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Poetry of Mathematicians - Hamilton

Mathematician: SIR WILLIAM ROWAN HAMILTON
(1805-1865)

On College Ambition

Oh! Ambition hath its hour
Of deep and spirit-stirring power;
Not in the tented field alone,
Nor peer-engirded court and throne;
Nor the intrigues of busy life;
But ardent Boyhood’s generous strife,
While yet the Enthusiast spirit turns
Wherev’er the light of Glory burns,
Thinks not how transient is the blaze,
But longs to barter Life for Praise.

Look round the arena, and ye spy
Pallid cheek and faded eye;
Among the bands of rivals, few
Keep their native healthy hue:
Night and thought have stolen away
Their once elastic spirit’s play.
A few short hours and all is o’er,
Some shall win one triumph more;
Some from the place of contest go
Again defeated, sad and slow.
What shall reward the conqueror then

For all his toil, for all his pain,
For every midnight throb that stole
So often o’er his fevered soul?
Is it the applaudings loud
Or wond’ring gazes of the crowd;
Disappointed envy’s shame,
Or hollow voice of fickle Fame?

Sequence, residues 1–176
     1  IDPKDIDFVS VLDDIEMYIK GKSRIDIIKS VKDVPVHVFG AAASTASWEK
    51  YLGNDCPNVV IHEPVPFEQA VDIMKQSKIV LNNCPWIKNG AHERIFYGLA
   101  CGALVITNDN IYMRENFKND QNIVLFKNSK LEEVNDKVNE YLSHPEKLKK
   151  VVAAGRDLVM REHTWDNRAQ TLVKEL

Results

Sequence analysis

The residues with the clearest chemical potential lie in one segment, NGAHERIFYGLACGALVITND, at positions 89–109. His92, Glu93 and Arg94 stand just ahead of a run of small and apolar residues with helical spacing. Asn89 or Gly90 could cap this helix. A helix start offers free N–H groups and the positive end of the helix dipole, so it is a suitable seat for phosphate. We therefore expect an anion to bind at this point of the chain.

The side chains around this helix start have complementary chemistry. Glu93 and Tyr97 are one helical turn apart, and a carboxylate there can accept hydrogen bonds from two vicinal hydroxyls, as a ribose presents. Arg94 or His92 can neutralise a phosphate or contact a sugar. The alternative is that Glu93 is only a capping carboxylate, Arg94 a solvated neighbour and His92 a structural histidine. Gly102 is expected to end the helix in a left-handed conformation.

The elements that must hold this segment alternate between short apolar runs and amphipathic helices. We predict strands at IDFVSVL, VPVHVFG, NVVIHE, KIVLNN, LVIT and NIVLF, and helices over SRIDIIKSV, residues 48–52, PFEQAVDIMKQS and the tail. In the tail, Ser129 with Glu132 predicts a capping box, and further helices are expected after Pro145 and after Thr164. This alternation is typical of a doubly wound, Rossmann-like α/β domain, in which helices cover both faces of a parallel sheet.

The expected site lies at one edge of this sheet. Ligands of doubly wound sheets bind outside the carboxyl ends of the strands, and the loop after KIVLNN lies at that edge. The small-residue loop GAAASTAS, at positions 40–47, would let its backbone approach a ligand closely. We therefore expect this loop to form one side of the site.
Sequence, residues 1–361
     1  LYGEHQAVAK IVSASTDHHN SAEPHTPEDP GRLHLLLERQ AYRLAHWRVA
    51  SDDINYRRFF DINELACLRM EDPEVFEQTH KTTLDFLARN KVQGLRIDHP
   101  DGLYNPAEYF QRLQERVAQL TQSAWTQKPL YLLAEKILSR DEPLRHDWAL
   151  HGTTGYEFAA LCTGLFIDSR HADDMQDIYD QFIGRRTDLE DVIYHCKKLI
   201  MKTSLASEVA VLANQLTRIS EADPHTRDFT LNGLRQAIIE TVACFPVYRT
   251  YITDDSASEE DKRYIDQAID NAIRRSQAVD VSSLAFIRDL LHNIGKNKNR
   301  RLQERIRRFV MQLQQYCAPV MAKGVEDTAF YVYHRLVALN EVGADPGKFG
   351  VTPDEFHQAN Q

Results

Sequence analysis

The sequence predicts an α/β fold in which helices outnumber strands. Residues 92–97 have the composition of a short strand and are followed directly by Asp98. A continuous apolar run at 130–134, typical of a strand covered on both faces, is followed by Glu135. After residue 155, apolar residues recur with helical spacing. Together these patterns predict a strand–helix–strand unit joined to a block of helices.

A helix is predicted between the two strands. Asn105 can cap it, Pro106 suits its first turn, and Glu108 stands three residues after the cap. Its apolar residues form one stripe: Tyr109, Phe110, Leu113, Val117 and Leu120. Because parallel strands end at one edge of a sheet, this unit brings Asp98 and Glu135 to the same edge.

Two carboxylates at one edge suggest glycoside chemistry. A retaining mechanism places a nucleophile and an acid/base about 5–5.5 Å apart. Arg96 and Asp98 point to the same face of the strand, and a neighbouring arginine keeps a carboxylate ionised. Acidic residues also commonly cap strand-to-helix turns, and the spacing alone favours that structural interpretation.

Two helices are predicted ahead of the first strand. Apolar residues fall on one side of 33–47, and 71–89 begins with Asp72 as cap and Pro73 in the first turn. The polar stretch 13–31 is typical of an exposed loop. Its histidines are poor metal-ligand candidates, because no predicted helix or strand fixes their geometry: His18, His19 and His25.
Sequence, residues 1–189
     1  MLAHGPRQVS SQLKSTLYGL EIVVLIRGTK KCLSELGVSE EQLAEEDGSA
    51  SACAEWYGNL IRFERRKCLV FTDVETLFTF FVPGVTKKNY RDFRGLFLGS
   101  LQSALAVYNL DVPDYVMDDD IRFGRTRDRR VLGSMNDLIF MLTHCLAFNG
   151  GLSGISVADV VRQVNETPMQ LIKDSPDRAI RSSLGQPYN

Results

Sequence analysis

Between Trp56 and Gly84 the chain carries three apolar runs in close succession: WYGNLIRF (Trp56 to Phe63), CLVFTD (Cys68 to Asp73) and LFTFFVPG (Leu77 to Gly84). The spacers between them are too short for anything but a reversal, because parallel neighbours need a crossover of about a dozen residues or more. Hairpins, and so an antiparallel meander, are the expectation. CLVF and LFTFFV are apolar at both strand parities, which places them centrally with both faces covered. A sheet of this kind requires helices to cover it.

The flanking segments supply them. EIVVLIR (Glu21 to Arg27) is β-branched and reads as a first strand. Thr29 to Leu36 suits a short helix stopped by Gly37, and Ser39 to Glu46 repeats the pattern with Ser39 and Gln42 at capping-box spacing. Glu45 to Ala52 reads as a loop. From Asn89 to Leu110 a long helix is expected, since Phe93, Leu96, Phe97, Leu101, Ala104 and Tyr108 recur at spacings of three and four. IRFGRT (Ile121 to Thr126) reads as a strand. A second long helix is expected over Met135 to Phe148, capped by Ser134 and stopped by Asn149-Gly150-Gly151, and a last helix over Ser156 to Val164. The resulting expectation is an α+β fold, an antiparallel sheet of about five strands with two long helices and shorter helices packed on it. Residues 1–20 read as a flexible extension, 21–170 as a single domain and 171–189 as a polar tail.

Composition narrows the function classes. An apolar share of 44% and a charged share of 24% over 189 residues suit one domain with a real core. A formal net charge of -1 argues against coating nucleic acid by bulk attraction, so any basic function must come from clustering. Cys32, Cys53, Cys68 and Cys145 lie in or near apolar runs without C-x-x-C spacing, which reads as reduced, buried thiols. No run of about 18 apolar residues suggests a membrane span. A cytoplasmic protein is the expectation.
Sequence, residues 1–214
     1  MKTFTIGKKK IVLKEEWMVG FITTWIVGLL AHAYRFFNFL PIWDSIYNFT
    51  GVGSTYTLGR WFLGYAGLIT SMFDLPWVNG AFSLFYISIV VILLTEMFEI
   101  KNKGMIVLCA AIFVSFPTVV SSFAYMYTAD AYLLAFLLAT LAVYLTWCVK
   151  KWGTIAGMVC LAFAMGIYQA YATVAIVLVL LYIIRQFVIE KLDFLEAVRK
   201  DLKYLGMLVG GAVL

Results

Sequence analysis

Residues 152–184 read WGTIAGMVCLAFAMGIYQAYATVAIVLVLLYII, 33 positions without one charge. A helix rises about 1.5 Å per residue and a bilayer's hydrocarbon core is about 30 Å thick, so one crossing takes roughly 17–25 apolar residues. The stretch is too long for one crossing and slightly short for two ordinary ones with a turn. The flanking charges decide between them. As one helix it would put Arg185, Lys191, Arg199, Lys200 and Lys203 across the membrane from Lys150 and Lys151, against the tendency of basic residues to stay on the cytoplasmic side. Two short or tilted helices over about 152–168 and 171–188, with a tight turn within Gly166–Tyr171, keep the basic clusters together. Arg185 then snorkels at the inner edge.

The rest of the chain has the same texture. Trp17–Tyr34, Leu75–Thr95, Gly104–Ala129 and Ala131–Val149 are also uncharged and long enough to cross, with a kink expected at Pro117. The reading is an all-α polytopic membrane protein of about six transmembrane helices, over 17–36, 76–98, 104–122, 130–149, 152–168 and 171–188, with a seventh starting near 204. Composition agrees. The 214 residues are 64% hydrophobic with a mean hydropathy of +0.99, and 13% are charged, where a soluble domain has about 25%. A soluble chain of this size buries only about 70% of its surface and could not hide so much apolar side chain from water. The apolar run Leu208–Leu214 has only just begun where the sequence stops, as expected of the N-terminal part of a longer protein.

These may extort the sudden smile,
May swell the heart a little while;
But they leave no joy behind,
Breathe no pure transport o’er the mind,
Nor will the thought of selfish gladness
Expand the brow of secret sadness.

Yet if Ambition hath its hour
Of deep and spirit-stirring power,
Some bright rewards are all its own,
And bless its votaries alone:
The anxious friend’s approving eye;
The generous rivals’ sympathy;
And that best and sweetest prize
Given by silent Beauty’s eyes!
These are transports true and strong,
Deeply felt, remembered long:
Time and sorrow passing o’er
Endear their memory but the more.

According to Alexander Macfarlane’s 1901 lecture he states, “The “silent Beauty” was not an abstraction, but a young lady whose brothers were fellow-students of Trinity College. This led to much effusion of poetry; but unfortunately while Hamilton was writing poetry about her another young man was talking prose to her; with the result that Hamilton experienced a disappointment.”




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